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Dynamic Methodology

The FT4 Powder Rheometer employs unique technology for measuring the resistance of the powder to flow, whilst the powder is in motion. A precision ‘blade’, or impeller, is rotated and moved downwards and upwards through the powder to establish a precise flow pattern. This causes many thousands of particles to interact, or flow relative to one another, and the resistance experienced by the blade represents the difficulty of this relative particle movement, or the bulk flow properties. The more the particles resist motion and the harder it is to get the powder to flow, the more difficult it is to move the blade.

Two graphs showing force and torque measurements, flanked by two glass vessels (one with particles inside)

As the blade moves through the sample, the FT4 measures both rotational and vertical resistances, in the form of Torque and Force respectively. It is important to capture both signals as it is the composite of these two values that quantifies the powder’s total resistance to flow.

Using the calculation of WORK DONE, it is possible to represent both the Torque and Force signals as a Total Flow Energy, the energy required to move the blade through the sample from the top to the bottom of the powder column. However, because the values of torque and force are constantly changing, it is necessary to calculate the energy for each small distance travelled. This is the calculation of Energy Gradient, the energy measured for each millimetre of blade travel, expressed in mJ/mm.

Work Done = Energy = (Resistance x Distance travelled)
where ‘RESISTANCE’ is the combined Torque and Force
 Energy Gradient = Energy per mm of blade travel

Calculating the area under the Energy Gradient curve provides the Total Flow Energy, representing the powder’s resistance to being made to flow in a dynamic state.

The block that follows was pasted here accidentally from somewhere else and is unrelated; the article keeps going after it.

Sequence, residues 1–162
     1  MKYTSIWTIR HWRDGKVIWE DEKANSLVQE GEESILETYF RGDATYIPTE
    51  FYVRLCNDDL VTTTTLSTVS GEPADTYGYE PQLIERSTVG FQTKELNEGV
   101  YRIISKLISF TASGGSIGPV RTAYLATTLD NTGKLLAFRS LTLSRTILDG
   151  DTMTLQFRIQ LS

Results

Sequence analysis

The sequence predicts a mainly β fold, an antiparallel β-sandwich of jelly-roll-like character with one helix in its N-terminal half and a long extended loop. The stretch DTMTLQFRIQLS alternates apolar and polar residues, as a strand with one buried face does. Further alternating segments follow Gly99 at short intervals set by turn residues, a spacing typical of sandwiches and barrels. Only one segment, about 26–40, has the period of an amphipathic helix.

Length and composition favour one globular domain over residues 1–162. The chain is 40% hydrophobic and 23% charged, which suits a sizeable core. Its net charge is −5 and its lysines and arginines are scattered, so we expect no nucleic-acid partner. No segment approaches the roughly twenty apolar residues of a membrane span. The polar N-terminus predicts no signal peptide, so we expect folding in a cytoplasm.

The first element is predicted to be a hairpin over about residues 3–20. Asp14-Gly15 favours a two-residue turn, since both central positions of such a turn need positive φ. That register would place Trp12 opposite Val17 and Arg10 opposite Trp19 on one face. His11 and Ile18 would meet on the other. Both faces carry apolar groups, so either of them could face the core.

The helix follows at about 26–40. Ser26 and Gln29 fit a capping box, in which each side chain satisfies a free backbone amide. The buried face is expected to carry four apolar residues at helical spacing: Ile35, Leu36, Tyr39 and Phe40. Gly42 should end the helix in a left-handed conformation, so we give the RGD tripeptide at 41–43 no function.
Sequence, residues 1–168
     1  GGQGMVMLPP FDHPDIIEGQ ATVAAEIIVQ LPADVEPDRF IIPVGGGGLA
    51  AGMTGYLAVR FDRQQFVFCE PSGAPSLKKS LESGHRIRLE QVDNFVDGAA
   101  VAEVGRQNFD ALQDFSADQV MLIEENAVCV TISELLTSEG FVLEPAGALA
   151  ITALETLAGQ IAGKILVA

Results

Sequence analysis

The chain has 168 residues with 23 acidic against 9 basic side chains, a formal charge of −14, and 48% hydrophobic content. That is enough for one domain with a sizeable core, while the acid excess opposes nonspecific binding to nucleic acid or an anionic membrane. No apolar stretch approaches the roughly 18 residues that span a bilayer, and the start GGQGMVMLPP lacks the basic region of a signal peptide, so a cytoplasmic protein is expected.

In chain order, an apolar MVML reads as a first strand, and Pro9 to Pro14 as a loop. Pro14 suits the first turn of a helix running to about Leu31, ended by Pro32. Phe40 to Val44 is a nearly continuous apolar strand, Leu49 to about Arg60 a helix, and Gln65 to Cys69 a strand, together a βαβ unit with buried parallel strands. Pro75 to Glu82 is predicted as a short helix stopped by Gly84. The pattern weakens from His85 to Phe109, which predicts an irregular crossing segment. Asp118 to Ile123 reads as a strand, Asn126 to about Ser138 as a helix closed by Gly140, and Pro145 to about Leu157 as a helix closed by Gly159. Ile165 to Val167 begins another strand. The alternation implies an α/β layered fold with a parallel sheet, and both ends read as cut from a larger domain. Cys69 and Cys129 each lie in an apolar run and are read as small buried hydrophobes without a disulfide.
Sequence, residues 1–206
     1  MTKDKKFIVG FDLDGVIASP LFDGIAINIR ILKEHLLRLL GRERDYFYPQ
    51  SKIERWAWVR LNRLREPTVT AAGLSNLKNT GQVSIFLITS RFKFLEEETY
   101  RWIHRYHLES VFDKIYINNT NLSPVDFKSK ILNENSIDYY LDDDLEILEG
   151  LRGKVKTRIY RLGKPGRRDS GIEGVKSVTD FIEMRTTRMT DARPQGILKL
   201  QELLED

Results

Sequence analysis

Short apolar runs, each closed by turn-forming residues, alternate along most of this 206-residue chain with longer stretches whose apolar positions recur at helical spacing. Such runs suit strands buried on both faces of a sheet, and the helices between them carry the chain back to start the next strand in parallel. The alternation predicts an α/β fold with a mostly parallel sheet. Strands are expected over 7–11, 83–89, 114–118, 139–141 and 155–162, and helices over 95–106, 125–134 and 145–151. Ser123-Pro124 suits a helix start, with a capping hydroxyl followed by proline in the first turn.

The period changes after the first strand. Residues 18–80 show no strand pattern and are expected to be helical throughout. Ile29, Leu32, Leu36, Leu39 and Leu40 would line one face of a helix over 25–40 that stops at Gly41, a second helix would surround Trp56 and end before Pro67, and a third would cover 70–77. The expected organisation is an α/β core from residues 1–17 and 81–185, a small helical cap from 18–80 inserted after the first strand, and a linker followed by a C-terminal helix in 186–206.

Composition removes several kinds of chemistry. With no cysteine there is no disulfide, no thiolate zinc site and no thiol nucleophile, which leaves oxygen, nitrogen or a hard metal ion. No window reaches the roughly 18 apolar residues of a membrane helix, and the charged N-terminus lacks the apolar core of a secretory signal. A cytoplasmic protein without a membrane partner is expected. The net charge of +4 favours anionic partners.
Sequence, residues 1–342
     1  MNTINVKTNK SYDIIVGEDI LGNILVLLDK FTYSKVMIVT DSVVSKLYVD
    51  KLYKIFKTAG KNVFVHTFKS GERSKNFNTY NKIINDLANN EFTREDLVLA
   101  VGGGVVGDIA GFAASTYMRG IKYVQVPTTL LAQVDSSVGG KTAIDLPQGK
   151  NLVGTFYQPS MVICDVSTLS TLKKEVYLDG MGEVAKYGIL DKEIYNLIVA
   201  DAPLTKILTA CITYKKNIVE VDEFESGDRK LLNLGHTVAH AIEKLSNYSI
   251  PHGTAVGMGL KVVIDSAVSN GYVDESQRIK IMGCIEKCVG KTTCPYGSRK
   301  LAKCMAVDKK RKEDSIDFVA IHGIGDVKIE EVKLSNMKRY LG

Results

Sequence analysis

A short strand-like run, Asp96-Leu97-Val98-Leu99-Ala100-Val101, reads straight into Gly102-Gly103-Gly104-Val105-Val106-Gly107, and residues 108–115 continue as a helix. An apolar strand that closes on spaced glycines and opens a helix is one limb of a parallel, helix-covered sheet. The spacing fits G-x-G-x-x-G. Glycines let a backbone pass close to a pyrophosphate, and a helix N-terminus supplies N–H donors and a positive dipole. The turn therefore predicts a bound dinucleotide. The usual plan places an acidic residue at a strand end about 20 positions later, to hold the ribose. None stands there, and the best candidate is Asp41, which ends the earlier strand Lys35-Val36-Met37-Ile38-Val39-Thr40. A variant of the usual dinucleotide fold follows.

Graph showing upward trend of energy gradient
Energy Gradient is calculated directly from the measurements of Torque and Force   


Confined and Unconfined Powder Flow

Two types of powder flow pattern are typically employed for quantifying flowability: -

Forced (or confined) Flow 

A measure of the powder’s flowability when forced to flow, such as through a screw feeder or in an active feed frame. This property is defined as the Basic Flowability Energy, BFE, and is measured during the downward blade movement. The powder is confined by the closed bottom end of the test vessel.

Graphic showing helical blade traversing in a downward motion 
Direction of movement downwards 

Low Stress (or unconfined) Flow

A measure of the powder’s flowability when unconfined, such as during low stress filling, or low shear blending. This property is defined as the Specific Energy, SE. In this measurement, the resistance to flow is measured as the blade traverses from the bottom of the vessel to the top. As there is no solid surface at the top of the vessel preventing the powder from dilating and moving upwards, the powder is unconfined during this test. 

 Graphic showing helical blade traversing in an upward motion
Direction of movement upwards

The regimes of confined and unconfined flow are very different and so it is important, when correlating data with process performance, to identify which regime is most representative of the process being considered.